All in all, it seems like the HD4870 X2 2GB could very well be the new card to have for the foreseeable future considering its pedigree and the expectations we have for it. However, with the GTX 280 retailing for almost $100 less, the HD4870 X2 may have a little unexpected competition based on its current $550 suggested retail price. On the other hand, if it can pull off performance similar to the HD4870 Crossfire setup we saw last week, it will be worth every penny. Especially since it costs less than a pair of HD4870 cards.

But WAIT, there is more….

Believe it or not though, this isn’t the only card that is being announced here. While the HD4870 X2 sees its release and availability today, ATI has also released some tantalizing details to us about a manufacturer-specific card called the HD4850 X2. We will have a few more details about it on the next page let’s just say for now that there will only be a few board partners releasing this card since it is not an ATI-produced reference design. Rather, in true ATI fashion partners are left free to design their own cards which will get subsequent approval from ATI’s engineers.

This could be shaping up to be a very interesting year-end in more ways than one.


 
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SKYMTL

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The New and Improved ATI Lineup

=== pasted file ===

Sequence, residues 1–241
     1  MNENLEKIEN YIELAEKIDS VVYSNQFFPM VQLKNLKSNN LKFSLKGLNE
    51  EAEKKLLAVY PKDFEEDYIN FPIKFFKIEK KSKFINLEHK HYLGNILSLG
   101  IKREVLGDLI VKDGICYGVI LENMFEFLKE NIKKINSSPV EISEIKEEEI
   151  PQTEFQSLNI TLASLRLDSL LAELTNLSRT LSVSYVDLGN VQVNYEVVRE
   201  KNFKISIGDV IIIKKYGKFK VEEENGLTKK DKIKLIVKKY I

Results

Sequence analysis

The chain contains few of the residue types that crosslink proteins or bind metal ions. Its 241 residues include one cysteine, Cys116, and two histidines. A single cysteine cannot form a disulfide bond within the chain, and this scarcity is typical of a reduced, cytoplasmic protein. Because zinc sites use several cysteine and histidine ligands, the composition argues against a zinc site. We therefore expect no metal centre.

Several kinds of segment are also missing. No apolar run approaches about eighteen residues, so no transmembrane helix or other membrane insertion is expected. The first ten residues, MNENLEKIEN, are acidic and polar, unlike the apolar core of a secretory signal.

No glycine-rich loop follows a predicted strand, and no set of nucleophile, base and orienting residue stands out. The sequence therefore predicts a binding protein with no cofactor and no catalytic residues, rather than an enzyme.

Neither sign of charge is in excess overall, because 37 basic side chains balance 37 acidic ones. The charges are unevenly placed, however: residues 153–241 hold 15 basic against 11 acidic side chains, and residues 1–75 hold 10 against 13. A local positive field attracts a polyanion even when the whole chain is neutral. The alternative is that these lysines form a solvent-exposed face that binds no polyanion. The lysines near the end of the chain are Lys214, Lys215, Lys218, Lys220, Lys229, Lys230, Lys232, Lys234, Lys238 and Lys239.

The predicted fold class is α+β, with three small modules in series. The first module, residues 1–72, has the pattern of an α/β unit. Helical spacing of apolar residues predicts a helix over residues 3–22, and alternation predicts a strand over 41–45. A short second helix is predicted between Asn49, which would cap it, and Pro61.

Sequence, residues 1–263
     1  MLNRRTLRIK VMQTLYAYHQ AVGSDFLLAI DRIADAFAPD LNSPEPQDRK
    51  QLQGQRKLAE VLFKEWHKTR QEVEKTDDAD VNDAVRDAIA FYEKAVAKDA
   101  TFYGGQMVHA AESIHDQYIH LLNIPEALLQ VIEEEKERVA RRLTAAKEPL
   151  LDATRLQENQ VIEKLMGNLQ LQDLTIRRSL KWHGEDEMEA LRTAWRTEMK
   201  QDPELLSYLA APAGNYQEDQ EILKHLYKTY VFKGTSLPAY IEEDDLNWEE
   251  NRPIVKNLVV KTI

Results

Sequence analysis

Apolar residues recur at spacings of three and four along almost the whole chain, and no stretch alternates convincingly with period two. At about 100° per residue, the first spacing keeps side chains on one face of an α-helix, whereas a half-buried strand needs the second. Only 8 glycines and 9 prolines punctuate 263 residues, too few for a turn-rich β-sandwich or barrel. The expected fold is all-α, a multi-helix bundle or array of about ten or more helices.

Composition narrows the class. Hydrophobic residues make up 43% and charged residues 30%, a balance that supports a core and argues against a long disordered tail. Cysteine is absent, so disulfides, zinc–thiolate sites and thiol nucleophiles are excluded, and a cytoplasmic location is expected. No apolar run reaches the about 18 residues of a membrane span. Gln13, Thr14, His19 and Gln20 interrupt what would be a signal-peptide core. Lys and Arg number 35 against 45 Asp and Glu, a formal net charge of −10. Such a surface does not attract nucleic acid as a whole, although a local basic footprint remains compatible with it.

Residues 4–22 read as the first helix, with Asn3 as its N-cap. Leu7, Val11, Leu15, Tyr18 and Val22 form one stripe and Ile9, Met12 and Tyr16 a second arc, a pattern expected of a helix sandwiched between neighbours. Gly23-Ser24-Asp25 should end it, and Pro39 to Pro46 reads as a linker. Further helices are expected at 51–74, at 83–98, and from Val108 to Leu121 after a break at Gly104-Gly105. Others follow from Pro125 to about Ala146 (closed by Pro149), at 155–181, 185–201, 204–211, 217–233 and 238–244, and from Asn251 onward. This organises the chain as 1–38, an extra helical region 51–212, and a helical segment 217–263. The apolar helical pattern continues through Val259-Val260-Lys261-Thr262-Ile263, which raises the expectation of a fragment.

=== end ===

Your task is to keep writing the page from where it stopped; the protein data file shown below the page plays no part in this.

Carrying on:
The New and Improved ATI Lineup



Well, here we have it: the lineup that is supposed to put the hurt on the competition while keeping the overall costs per card down to appealing levels. At the top of the heap we have the new HD4870 X2 while a little further down is the upcoming HD4850 X2 and the rest of the previously released cards nicely round everything up. Without releasing an overly confusing lineup, ATI has perfectly covered nearly every portion of the market with one card or another which basically means that if you have a certain budget, ATI has you covered.


Out with the old, in with the new

While it shouldn’t come as a surprise that the new “R700” (or Spartan as it is called internally by ATI) is in fact a dual GPU card much like the bygone HD3870 X2, what may interest you is that it comes with a full 2GB of GDDR5 memory. Looking a bit closer at the HD4870 X2 we can see that what has been done is to take a pair of cores from standard HD4870 cards, pair up each with 1GB of GDDR5 memory and stick the whole kit and caboodle onto one PCB. This gives the new X2 the distinction of being the first consumer-oriented graphics card to sport 2GB of memory. Even though it may seem to have a somewhat limited 256-bit bus, this card more than makes up for it with its blisteringly-fast GDDR5 speeds. Other than that, all of the clock speeds are carbon copied over from a stock HD4870 card which further cements out assumption that this dual chip card will perform nearly identical to Crossfired HD4870s.

What strikes us as the most interesting about all of these specifications is the fact that ATI seems to have found enough stock of GDDR5 to provide modules to their rollout of HD4870 X2 and HD4870 cards. There were rumors a little while ago that stock of GDDR5 was hard to maintain and ATI would have issues keeping up with demand for their cards. Well, with the big three players (Samsung, Qimonda and Hynix) all producing decent volumes of the needed ICs it seems these rumored shortages never amounted to anything.